WASP-80b is a gas giant transiting a cool, possibly late K-type 11.88V magnitude dwarf, with a mass of 0.554 0.035 M and radius of 0.952 0.026 R, orbiting its host star with a 3.068 day period (Triaud et al., 2013). It is one of only a handful of gas giants orbiting a late-type dwarf host (e.g. WASP-43b, Kepler-45b, HAT-P-54b, HATS-6b; Hellier et al., 2011; Johnson et al., 2012; Bakos et al., 2015; Hartman et al., 2015) and has a day-side temperature within the T-dwarf range (Triaud et al., 2015). These authors also found a transmission spectrum indistinguishable from a flat line and no evidence of active region crossing by the planet (Triaud et al., 2013; Mancini et al., 2014), despite the stellar spectral analysis indicating high levels of activity (Mancini et al., 2014).

In this work, we present a red transmission spectrum of this planet from light curves that are somewhat compromised by systematic effects. We will study the role of telluric and instrumental effects in introducing such discrepancies in the light curves, before consideration of any astrophysical phenomena.

Figure 1: Wavelength calibrated and corrected spectra of all the stars observed with the MXU. The grey area shows the wavelength domain used to obtain all the broadband light curves. The dashed lines show the boundaries of the spectrophotometric channels, used for integration of WASP-80 and reference stars.

2 Data analysis

2.1 Observations

A single transit of WASP-80b was observed using Antu, the 8.2m UT1 of the VLT with the FORS2 instrument on the 16th of June 2013, with the data taken as part of the programme 091.C-0377(C) (PI: Gillon), before the LADC upgrade. The programme itself comprised four transit observations, two of which were not performed due to bad weather, while the light curves from the fourth transit suffered from severe systematic effects and are subsequently not used for the analysis in this work. The instrument has a 6.8 field of view and is equipped with two detectors, where the red-optimised MIT set was utilised for the observations. The instrument was used in the MXU mode, which means that a custom designed mask with 10″-wide slits positioned on the target and comparison stars, was placed in the light path. This essentially acts as a blocking mask to free the CCD for recording of the simultaneous spectra. The 600z grism (with the order sorter filter OG590) was used as the dispersing element, yielding a spectral range of m, although the exact wavelength coverage for each target is dependent on the horizontal location of its slit on the CCD.

The entire science observational sequence lasted 4.87h, with the first frame taken at 05:17UT and the last taken at 10:04UT. The complete transit lasted 2.26h, with first contact at 06:17UT and the last one at 8:32UT. The LADC was left in park position during the observing sequence, with the two prisms fixed at their minimal separation distance of 30mm. The standard 100kHz readout mode was used, which together with exposure time of 25s (apart from the first seven frames where adjustments were made in order to reach the optimal value), yielded 277 exposures, 130 of which were during the transit. The conditions were clear throughout the night and the seeing varied between 0.97″ and 2.35″. The field started at airmass of 1.24, rose to 1.08 and the last frame was taken at airmass 1.45. A copy of the mask was created for the purpose of wavelength calibration, with narrow 1″ slits centred on the science slits. Bias, flatfield and arc-lamp (for the purpose of wavelength calibration) images were taken, as part of the routine daytime calibration sequences, before and after the observations.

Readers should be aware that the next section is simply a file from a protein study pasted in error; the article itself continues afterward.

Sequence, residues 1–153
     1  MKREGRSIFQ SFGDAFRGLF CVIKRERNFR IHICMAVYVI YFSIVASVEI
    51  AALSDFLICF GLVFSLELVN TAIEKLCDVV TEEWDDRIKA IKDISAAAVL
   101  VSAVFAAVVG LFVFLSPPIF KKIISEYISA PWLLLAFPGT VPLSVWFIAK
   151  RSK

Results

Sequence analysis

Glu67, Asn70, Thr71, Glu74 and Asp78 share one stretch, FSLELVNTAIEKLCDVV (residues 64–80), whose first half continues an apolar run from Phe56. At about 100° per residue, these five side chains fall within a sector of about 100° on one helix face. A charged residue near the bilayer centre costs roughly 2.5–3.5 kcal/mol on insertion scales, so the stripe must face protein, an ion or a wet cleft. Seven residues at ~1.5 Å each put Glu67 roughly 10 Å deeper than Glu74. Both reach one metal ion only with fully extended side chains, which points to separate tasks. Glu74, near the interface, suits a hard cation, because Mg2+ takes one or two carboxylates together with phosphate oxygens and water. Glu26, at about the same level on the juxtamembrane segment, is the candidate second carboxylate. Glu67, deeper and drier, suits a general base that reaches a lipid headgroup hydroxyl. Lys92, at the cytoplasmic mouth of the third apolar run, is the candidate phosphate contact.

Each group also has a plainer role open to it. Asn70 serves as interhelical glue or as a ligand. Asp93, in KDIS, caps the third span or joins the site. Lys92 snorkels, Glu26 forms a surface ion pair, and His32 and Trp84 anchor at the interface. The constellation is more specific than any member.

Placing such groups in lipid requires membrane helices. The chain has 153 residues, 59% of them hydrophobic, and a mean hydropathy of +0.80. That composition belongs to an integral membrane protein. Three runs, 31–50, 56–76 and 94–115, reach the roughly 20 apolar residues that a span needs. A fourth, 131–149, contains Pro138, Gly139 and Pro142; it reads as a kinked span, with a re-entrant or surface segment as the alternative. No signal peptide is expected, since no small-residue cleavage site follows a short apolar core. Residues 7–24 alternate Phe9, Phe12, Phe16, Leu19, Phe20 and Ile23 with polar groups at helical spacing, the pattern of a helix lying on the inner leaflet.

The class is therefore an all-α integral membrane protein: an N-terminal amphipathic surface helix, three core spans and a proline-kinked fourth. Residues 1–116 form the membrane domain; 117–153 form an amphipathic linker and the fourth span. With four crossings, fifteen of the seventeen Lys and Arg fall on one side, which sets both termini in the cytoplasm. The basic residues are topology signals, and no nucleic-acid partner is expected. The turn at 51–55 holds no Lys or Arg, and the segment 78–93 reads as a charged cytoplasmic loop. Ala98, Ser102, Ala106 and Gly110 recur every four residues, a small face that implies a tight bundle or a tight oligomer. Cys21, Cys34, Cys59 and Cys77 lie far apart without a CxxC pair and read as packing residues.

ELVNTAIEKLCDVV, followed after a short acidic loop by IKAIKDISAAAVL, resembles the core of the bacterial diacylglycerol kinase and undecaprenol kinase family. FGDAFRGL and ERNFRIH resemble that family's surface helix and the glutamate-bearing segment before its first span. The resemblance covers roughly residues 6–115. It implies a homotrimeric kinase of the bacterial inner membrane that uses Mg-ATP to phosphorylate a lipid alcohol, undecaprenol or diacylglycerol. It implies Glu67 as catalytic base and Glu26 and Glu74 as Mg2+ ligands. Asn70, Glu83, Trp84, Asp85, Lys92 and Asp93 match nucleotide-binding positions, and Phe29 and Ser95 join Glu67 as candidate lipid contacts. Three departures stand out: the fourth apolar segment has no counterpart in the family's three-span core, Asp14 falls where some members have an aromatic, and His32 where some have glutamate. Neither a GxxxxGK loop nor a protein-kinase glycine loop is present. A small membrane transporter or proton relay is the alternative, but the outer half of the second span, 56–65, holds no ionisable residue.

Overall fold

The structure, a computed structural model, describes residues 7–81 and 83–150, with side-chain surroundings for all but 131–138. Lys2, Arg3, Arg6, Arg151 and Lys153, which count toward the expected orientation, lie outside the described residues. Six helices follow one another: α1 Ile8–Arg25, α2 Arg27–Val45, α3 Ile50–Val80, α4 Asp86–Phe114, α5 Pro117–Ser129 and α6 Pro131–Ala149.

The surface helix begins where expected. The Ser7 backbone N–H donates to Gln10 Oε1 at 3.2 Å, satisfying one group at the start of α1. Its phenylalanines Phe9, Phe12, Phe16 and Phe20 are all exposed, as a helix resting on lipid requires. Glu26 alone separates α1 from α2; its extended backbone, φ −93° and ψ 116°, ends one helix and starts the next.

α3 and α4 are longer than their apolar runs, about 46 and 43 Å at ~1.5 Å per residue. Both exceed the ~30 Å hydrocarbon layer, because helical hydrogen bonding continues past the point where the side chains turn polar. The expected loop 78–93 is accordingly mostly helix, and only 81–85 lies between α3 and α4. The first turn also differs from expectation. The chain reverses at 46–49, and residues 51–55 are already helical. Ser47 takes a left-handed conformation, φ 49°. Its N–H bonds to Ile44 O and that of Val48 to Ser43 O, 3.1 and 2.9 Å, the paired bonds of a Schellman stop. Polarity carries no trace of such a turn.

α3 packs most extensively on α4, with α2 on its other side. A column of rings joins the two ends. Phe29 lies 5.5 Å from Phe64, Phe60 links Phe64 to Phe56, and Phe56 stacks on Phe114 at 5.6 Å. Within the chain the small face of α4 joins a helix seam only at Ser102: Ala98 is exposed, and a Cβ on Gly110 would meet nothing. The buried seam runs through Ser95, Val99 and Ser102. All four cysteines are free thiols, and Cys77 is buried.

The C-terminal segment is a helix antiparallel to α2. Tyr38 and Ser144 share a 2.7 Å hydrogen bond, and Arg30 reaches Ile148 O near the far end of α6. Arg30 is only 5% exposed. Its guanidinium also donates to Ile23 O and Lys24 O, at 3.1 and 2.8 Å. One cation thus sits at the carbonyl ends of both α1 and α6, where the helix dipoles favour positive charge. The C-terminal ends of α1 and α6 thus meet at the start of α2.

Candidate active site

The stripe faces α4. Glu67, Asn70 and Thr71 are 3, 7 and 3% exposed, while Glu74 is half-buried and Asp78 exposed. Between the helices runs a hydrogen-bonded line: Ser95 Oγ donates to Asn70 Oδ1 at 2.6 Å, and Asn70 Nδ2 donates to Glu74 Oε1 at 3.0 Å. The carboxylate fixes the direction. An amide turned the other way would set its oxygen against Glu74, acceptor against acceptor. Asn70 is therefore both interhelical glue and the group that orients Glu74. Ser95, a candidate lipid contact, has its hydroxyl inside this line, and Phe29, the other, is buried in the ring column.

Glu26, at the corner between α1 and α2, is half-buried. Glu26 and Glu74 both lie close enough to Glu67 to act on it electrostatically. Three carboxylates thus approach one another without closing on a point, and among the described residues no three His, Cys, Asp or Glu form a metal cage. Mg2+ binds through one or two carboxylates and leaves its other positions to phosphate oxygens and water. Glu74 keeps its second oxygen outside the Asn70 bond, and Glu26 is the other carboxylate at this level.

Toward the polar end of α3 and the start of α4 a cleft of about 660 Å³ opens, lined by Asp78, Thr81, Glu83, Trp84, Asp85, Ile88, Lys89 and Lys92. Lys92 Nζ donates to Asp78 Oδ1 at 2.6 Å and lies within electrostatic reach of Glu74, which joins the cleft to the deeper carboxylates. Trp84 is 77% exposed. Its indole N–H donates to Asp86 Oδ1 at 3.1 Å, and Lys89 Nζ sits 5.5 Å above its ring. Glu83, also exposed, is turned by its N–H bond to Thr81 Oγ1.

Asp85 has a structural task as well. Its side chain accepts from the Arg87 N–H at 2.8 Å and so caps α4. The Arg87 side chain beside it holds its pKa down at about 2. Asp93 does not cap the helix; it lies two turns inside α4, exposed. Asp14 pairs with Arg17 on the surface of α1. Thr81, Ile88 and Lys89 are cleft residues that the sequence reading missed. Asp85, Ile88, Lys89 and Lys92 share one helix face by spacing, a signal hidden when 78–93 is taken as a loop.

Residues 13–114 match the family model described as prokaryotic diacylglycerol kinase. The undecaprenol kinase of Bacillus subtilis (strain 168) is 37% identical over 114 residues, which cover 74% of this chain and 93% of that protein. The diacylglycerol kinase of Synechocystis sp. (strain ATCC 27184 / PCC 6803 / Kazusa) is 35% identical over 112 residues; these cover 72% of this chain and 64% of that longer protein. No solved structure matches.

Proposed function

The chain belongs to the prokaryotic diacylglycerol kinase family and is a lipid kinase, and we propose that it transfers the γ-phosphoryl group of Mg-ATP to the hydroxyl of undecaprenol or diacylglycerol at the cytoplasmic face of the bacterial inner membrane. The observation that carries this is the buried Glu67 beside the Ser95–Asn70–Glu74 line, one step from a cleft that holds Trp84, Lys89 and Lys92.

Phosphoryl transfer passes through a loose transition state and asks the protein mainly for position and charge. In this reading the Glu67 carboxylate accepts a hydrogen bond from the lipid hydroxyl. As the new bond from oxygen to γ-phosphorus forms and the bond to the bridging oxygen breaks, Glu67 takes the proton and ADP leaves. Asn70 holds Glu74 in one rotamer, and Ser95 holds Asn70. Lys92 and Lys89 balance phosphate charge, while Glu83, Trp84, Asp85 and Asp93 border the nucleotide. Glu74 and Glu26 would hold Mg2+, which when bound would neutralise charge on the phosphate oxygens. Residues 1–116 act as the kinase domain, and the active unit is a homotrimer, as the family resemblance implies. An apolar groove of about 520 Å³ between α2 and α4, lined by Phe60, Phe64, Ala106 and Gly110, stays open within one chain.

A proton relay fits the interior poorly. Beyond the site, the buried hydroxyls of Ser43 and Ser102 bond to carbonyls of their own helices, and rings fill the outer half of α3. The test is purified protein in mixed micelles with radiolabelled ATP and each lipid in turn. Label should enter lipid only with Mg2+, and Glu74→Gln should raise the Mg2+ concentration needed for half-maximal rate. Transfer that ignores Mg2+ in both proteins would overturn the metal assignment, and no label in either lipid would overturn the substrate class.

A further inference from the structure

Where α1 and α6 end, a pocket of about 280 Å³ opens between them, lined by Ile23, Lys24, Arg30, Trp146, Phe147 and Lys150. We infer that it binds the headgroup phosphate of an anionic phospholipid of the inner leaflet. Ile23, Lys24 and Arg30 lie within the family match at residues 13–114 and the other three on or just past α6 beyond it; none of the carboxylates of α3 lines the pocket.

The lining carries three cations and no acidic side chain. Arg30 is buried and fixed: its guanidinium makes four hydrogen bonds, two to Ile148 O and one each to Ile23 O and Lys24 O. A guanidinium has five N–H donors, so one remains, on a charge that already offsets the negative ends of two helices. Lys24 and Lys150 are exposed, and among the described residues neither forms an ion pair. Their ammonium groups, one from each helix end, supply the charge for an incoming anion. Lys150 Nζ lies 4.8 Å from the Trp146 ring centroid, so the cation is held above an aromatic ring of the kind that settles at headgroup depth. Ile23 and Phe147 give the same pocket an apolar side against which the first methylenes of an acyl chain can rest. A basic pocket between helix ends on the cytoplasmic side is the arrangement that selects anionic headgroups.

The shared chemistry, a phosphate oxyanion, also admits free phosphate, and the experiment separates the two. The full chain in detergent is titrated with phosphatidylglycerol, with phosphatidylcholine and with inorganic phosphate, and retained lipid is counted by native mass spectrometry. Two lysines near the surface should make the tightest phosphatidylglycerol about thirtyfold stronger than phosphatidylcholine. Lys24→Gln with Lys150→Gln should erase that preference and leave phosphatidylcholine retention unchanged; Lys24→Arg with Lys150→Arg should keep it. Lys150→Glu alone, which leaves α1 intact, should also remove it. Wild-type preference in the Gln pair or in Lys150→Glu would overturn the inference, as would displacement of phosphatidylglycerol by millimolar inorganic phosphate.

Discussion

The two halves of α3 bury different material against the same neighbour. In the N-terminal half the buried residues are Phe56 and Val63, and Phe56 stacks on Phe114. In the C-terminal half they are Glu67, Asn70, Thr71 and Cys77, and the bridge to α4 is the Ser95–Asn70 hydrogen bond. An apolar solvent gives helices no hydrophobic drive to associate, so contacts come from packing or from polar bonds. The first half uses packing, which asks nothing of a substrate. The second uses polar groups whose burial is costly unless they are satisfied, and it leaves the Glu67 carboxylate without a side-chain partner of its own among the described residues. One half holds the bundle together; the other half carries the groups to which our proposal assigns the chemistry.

Figure 2: (a) Raw broadband light curves, normalised to out of transit level and shifted for visual aid. (b) Broadband light curves corrected for airmass. The transit has been removed from the WASP-80 data. This data is used to check for correlations with other physical parameters, besides the airmass. (c) Differential transit light curves, again normalised to the out of transit flux level and shifted for clarity. The colours correspond to the raw light curves. These data are not corrected for the airmass dependent variations, as this will be part of the analytical transit model.

2.2 Data reduction

We used our previously written reduction pipeline based on PyRAF (Sedaghati et al., 2016), which is optimised to the science goals of transmission spectroscopy. In addition to the standard steps of overscan and bias shape subtraction, spectral flat-fielding and wavelength calibration, sky background subtraction and cosmic ray contamination removal, the pipeline also includes steps for optimizing the size of the extraction box used to obtain the one-dimensional stellar spectra, performed independently for each star. We also experiment with the optimal extraction algorithm (Horne, 1986) and check to see if this in any way improves the quality of the extracted spectra, which was not the case. Once the wavelength calibrated spectra are obtained, the pipeline makes corrections to the dispersion solution calculated for each target. This is first done for all the spectra of each star through optimisation of the cross correlation function, and then the spectra of the stars are further corrected with respect to each other to ensure a consistent solution across all apertures. This is a necessary and important step due to the low resolution of the spectra. An example set of these wavelength calibrated and corrected spectra is shown in Figure 1.